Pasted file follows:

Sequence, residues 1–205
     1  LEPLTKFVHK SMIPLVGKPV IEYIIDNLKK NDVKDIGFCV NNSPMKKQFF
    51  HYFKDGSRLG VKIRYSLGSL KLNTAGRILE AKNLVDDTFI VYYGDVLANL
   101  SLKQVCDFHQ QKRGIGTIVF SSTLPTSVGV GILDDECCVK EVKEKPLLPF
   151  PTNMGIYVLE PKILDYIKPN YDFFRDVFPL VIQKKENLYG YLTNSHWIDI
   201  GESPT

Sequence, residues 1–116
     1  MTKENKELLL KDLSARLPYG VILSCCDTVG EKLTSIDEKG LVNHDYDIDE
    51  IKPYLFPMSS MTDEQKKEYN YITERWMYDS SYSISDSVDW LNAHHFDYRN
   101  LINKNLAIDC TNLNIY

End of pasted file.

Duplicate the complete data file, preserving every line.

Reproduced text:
Sequence, residues 1–205
     1  LEPLTKFVHK SMIPLVGKPV IEYIIDNLKK NDVKDIGFCV NNSPMKKQFF
    51  HYFKDGSRLG VKIRYSLGSL KLNTAGRILE AKNLVDDTFI VYYGDVLANL
   101  SLKQVCDFHQ QKRGIGTIVF SSTLPTSVGV GILDDECCVK EVKEKPLLPF
   151  PTNMGIYVLE PKILDYIKPN YDFFRDVFPL VIQKKENLYG YLTNSHWIDI
   201  GESPT

Sequence, residues 1–116
     1  MTKENKELLL KDLSARLPYG VILSCCDTVG EKLTSIDEKG LVNHDYDIDE
    51  IKPYLFPMSS MTDEQKKEYN YITERWMYDS SYSISDSVDW LNAHHFDYRN
   101  LINKNLAIDC TNLNIY